A new favorite plant: Milkweed

That’s right, forget hosta and forget heuchera.  Let’s talk about milkweed.

Asclepias curassavica, Mexican Butterfly Weed

It’s a herbaceous perennial, it grows in sun, and it flowers in shades of yellows, oranges, pinks and purples.  It can be worked into native plantings, mass plantings, in borders and in garden beds.  It attracts hummingbirds and butterflies, and honeybees eat its nectar.  The plant tissue contains cardiac glycosides, a compound whose toxicity varies by specie, but which if ingested in a large enough quantity could supposedly wipe out a horse.  In fact, the genus, Asclepias, was named for the God of medicine and healing in Greek mythology.

Asclepias incarnata, Swamp Milkweed

But here’s the important part – milkweed is host to monarch butterflies.  Monarch caterpillars munch on the leaves, ingest the cardenolides, and then have a bitter and sickening form of self-defense against predators.  Unfortunately, predators are not their only problem.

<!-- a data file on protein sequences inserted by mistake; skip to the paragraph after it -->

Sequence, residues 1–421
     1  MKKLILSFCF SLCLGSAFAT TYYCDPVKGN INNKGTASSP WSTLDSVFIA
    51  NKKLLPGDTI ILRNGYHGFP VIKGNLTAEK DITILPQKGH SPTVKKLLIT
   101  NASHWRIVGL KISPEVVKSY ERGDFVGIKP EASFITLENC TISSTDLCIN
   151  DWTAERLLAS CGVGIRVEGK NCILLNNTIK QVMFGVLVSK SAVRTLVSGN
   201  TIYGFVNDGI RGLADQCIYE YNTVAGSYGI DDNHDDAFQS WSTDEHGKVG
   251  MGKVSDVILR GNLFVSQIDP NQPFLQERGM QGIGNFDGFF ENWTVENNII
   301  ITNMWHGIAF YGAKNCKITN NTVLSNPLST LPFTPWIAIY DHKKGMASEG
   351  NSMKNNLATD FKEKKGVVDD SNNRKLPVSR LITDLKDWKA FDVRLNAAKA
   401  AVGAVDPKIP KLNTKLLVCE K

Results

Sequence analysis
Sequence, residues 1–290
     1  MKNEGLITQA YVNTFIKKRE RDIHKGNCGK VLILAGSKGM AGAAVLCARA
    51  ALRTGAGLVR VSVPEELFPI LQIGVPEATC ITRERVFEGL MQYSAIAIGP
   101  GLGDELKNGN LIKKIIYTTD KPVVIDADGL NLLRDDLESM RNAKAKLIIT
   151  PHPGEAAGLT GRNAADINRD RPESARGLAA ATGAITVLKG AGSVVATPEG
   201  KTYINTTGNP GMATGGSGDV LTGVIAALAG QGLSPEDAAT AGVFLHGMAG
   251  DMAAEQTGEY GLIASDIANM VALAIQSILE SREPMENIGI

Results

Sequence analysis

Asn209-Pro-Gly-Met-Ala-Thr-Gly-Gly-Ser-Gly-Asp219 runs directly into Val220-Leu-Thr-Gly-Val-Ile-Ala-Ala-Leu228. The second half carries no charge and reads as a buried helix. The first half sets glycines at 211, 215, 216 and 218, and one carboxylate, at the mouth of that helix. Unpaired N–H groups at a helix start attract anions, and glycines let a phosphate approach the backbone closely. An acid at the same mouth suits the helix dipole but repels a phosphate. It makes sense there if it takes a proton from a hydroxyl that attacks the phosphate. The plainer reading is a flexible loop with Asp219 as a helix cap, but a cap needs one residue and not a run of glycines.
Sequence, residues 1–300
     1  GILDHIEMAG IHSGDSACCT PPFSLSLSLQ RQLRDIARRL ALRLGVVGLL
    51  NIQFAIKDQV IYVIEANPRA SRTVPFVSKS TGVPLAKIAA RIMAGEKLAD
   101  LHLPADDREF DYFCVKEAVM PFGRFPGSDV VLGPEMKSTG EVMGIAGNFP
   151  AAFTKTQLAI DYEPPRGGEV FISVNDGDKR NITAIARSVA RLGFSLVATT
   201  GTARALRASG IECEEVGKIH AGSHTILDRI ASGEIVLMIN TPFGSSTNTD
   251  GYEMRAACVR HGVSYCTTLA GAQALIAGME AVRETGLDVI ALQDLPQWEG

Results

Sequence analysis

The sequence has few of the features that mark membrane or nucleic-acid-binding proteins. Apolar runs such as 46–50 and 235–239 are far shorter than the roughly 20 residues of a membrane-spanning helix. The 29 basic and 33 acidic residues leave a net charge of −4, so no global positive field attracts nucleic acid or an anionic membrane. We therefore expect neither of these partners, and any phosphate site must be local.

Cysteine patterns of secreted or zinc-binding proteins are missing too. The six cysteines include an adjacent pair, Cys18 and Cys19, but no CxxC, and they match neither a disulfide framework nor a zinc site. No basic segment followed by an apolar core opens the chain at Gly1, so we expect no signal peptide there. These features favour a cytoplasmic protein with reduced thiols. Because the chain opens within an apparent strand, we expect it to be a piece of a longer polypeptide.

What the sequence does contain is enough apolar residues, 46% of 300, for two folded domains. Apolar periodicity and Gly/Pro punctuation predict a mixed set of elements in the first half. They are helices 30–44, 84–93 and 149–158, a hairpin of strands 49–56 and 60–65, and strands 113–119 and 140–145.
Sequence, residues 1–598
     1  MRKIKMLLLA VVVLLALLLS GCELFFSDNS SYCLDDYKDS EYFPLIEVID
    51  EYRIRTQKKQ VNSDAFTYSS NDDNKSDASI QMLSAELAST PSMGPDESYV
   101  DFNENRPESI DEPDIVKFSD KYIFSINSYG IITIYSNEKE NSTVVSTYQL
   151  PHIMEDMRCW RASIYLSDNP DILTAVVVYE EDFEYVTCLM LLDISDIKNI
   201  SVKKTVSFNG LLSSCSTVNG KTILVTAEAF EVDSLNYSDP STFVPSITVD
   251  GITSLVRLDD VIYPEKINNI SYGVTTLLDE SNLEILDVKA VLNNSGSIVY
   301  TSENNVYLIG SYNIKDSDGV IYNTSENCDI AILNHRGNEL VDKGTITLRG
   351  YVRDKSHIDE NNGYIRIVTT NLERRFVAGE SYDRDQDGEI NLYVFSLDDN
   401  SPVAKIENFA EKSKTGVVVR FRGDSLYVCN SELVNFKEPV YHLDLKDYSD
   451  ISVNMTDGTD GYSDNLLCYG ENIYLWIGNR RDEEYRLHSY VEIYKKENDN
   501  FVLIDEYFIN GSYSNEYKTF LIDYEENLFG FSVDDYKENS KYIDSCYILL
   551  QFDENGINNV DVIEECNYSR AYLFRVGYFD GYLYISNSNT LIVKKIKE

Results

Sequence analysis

Monarch populations are in trouble as habitats shrink and weather patterns shift.  Also, depending on what you choose to believe, pesticide use may be a factor.

I have to admit, butterflies are not my forte, but Tom has a wonderful compassion for nature, and as I understand from him, one of the best ways we can help the monarchs is to plant milkweed.

Hundreds of seeds and silky fluff wait inside the large pod.

It can be grown by seed, planted directly in the ground in the fall if it needs cold stratification, or by seed or small plant in the spring.

Find more details at http://monarchwatch.org/.

3 thoughts on “A new favorite plant: Milkweed

  1. I planted a Swamp Milkweed at the beginning of June last summer. Within a month, it was swarming with monarch caterpillars. (Literally swarming – I counted a total of seventeen!)

    – Rachel

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